A UHDB staff governor has explained why she was anxious about getting the Covid-19 vaccine and what helped her to change her mind.
Lesley Hayes received her first dose of the vaccine yesterday morning – after deciding not to do so up until now over fears that this could lead to her experiencing serious side-effects in the future.
As someone with the hidden disability Epilepsy who has experienced previous vaccination contraindications in the past and whose children have also experienced serious long-term side effects relating to her medication, Lesley was understandably concerned about any adverse effects from getting the vaccine and so decided to hold off doing so until she felt more comfortable to make an informed decision.
After receiving assurances from Dr Magnus Harrison, UHDB’s Executive Medical Director, that the vaccine was safe for her, however, Lesley felt confident enough to have her first dose at Royal Derby Hospital’s Vaccine Hub on Tuesday.
“I understand the logic of why the vaccine was rolled out quickly but have always been very sceptical about blanket vaccinations because of what’s happened in the past and not knowing what the long-term side effects are, which is why I chose not to have the vaccine before,” said Lesley.
“I thought ‘do I risk having something that might not even be out there; that might be a side-effect that comes out in 10 years’ time because of the medication I take to control my Epilepsy?’ Dr Harrison was able to reassure me though and advised me that, with the medications I’m taking, there weren’t any contraindications as to why I shouldn’t get the vaccine, and that he would recommend I do it.
“To anyone who works at UHDB and has concerns for medical reasons, I’d say to reach out to the Medical Director’s Office team, as we’re fortunate to have these experts with such medical knowledge available. And to members of the public who are also unsure, I would advise them to do the same and reach out to a medical specialist, as they have a wealth of knowledge and can really put your mind at ease.”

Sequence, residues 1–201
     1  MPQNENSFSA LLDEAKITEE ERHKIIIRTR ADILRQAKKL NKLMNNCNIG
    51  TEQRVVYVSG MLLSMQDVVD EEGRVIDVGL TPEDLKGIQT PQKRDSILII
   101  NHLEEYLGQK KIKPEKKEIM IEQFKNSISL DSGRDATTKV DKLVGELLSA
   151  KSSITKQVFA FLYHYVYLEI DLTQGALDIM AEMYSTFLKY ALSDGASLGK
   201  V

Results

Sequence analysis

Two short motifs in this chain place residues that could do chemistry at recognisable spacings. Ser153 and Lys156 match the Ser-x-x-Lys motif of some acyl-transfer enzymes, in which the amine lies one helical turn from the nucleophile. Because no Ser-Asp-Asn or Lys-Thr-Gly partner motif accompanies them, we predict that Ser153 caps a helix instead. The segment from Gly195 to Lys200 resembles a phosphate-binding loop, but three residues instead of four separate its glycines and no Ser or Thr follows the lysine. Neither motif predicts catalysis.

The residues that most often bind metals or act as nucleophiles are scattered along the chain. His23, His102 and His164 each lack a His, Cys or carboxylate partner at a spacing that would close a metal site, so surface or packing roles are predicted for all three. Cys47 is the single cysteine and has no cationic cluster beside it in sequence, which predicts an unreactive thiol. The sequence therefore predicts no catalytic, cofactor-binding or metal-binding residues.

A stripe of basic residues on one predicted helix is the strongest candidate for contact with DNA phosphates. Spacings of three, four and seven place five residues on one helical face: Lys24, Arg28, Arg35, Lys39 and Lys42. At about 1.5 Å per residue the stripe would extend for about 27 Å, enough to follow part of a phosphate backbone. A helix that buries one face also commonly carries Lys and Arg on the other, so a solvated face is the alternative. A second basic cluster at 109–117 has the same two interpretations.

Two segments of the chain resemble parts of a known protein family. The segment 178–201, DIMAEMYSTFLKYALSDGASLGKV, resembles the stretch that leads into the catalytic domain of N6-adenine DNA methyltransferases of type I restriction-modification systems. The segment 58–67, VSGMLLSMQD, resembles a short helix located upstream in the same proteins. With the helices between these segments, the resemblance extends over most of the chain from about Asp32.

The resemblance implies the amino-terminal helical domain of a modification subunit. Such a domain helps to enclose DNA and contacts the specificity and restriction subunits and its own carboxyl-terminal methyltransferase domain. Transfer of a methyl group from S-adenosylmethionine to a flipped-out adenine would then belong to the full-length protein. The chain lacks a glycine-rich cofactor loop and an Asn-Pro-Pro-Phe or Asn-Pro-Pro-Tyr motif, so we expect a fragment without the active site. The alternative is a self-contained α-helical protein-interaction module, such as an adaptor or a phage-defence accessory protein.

Lesley, the Digital Education and Training Manager and a staff governor at UHDB, was able to receive her vaccine alongside husband Nigel, who has a significant needle phobia but was supported by the fantastic Vaccine Hub team to receive his first dose as well.
“The staff in the Vaccination Hub were really kind but I’d like to say a special thank you to registered nurse Kevin Orme, who was absolutely outstanding,” said Lesley. “Nigel was shaking and had gone bright red, but Kevin showed him empathy and compassion, and talked him through every single detail about the risk and how safe it was all way. He also offered us a side room for Nigel to lie down and even offered to make him a cup of tea, as well as talking me through it all as well and reassuring me.
“I walked in initially thinking that people were going to look at us differently because it was our first jab, not a booster, but the experience was actually really personalised and person-centred. Nobody made us feel bad for not having had it already but encouraged us and supported us.
“To be honest, now after having the vaccine and having had the experience we’ve had; I have asked myself ‘why have we waited so long?’ My son hasn’t had his vaccine yet, but I’ve been thinking about it a lot though, and I am now going to talk to him and encourage him to get the Covid-19 vaccine too.”
In addition to singling out UHDB nurse Kevin and Dr Magnus Harrison for praise, Lesley also thanked Amanda Rawlings, UHDB’s Chief People Officer, for her ongoing support, as well as Dr James Crampton, Medical Director for Quality and Safety.
She added: “They didn’t have to do what they’ve done for me, but I really am quite touched at the level of kindness that they’ve shown to me. To others who work in the NHS and haven’t had the vaccine yet, if you have any concerns, just have the confidence to ask. Don’t feel like you’re going to be judged because you haven’t had it yet, because our colleagues are there to support us.”